Calling Feminist Philosophers

Come visit Montreal, an amazing Canadian city, and home of next year’s annual meeting of the Canadian Philosophical Association, May 30-June 2, 2010. It’s also, I think, a much more woman friendly event than the APA. I suppose that’s in part because the CPA meets along with other disciplines as part of the annual congress hosted by the Canadian Federation for the Humanities and Social Sciences. This means that there isn’t the same feeling of being part of a very small group of women, even if many of the women are English professors! For those of us with interdisciplinary interests, you can also go to talks that are part of other academic societies’ conference programs. Often there are feminist philosophy papers on the main CPA program as well as on the panels hosted by the Canadian Society of Women in Philosophy.

Montreal's old city
Montreal's old city
The call for papers is here.

One tale, two interpretations: A painful discovery.

Yesterday I had the experience of hearing a familiar narrative in a different context.  The result was that  I understood  it in a radically different  way.  This  was painful because it involved at some point seriously misunderstanding someone, not one of one’s fun things to do.  Worse, misunderstanding a tale of woe will probably add to the hurt already experienced.  But the switch in understanding is utterly germane to this blog.

So here’s a young (white, quite well educated) man in NY City who is working for a large company.  It isn’t the sort of job he wants eventually, but it might be an entry point into a decent area.  As his job progresses he feels, he relates, that his bosses are against him.  They don’t want him to excel, and they are constantly giving him tasks well below what he could do that would enable him to get ahead in the company.  Other people are gossiping about him, and he suspects they are reading his email.  Any mistake he makes, even if it is very typical for the crew at his level, somehow gets assigned a significance that others’ transgressions don’t.  In short, he feels persecuted.  He feels watched, the subject of plotting and speculation.

Now it starts to sound as though he has a fairly serious  problem.  Could a whole level of a company really start to get organized against one of its junior people?  Are they really thinking about him all that much?  He’s a cog in a wheel, for goodness sakes.

To my credit, I will say that I asked him several times  if he thought it could be prejudice.  He is gay.  He said he didn’t think it was; after all, one of the bosses is gay, other workers are gay, and so on.  So I started to worry about why he was experiencing the job this way.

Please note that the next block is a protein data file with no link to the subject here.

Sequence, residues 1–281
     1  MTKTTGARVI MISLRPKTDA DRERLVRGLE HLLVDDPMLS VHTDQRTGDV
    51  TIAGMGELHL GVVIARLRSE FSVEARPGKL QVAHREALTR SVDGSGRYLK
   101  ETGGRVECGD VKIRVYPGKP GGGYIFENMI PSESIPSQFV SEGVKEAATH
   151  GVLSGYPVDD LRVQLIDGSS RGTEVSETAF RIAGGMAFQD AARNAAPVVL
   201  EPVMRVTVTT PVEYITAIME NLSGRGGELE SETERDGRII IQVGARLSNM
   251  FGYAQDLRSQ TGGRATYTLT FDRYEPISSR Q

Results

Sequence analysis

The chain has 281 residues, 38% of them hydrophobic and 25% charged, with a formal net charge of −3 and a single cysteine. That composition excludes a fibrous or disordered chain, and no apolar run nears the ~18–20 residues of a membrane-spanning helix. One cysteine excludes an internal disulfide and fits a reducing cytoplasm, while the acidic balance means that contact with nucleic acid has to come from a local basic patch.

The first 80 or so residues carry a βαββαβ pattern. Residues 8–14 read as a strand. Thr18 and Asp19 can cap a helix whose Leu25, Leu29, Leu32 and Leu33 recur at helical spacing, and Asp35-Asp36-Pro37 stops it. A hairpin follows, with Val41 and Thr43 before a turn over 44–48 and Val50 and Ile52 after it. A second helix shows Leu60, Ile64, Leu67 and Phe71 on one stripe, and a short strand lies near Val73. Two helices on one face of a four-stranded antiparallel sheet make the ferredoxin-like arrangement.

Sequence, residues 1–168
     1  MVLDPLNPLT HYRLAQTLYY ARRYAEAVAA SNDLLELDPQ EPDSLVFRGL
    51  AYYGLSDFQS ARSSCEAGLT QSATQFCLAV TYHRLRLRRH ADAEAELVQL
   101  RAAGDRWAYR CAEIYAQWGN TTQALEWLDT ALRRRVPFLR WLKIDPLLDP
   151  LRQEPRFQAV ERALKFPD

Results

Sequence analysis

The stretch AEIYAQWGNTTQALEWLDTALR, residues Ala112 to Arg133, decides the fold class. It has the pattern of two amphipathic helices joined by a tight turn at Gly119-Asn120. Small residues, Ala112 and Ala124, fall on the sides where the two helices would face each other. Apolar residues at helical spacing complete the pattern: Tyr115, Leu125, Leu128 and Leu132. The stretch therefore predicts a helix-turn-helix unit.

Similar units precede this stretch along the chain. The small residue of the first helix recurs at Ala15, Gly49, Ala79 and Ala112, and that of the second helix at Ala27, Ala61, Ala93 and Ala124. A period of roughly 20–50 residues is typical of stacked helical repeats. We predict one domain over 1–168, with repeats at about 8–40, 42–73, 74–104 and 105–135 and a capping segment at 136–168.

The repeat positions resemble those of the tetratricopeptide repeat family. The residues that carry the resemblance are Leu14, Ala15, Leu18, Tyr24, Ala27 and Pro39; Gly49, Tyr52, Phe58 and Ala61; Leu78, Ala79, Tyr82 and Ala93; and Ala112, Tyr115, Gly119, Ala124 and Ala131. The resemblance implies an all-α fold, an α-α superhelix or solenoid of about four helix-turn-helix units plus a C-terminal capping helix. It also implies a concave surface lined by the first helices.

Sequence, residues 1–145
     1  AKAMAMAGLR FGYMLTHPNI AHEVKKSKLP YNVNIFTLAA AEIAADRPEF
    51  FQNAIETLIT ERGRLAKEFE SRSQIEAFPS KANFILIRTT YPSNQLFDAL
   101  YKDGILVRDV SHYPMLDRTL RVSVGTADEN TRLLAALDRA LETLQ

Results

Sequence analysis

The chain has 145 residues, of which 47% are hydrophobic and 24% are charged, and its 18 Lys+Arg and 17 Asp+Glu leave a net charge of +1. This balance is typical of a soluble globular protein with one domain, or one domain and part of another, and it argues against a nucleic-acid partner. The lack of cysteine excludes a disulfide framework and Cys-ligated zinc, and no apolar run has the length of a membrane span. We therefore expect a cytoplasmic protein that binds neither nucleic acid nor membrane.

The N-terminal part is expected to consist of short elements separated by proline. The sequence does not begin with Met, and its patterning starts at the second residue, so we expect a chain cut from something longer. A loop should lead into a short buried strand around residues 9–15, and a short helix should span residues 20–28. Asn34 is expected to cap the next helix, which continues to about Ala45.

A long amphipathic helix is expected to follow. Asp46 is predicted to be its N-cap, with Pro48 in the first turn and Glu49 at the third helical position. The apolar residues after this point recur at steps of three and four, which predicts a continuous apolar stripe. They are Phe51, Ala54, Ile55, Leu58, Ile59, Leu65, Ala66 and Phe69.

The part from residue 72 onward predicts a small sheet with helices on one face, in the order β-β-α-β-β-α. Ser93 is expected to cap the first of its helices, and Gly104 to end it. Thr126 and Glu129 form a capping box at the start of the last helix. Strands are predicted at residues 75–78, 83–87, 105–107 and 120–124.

Yesterday that all changed, largely because I spent about an hour talking to a friend about how her department was treating her.  Her chair, also a woman, had written saying she should resign from being director of undergrad studies, since the job was too much for a woman with children.  The department had false documents claiming she had skipped out for 3 weeks, someone had shouted at her in the hall that she always looked so unhappy, etc, etc.  Of course, when that male professor just disappeared when he became a grandfather, that was just as should be.  [She was tempted to ask whether he was nursing the baby, but didn’t.  The office staff, all women, who supported him were unsympathetic to her during her pregnancies.]

So later in the day I was talking to my young friend and we got onto the topic of his unhappy past experience.  He was eventually  fired, of course.  And suddenly I realized that his narrative was very close to that of my woman friend.   At least it reminded me vividly of these truths:

  1. The world of bigotry and prejudice is a terrible and disturbing place, and it can make one seems as if one is the one who is disturbed.
  2. It just doesn’t matter if others are not getting it.  My young friend did feel he was somehow noticeable:  very tall, well educated, a strong entrepreneurial arts background and parents who give him too much money for clothes.  He thought his bosses thought he was too uppity in some way, which may have been a large factor.
  3. Do not expect others (women, members of the glbt community, people of the same ethnicity) to oppose your treatment.  They may well be putting a high priority on being a good girl, one of the guys’, someone who is at least safer than you, and so on.

So who knows what the truth really is.  Perhaps he really didn’t try hard enough, but perhaps also he couldn’t succeed even if he had been perfect.

And in case you guessed, he is jj-son, and I feel really bad about all this.  But at the same time, I saw from a fresh perspective how insane making a bigoted environment can be. 

And now I’m going to go away and worry about my blitheful assumption that this all hasn’t really made any of us very disturbed.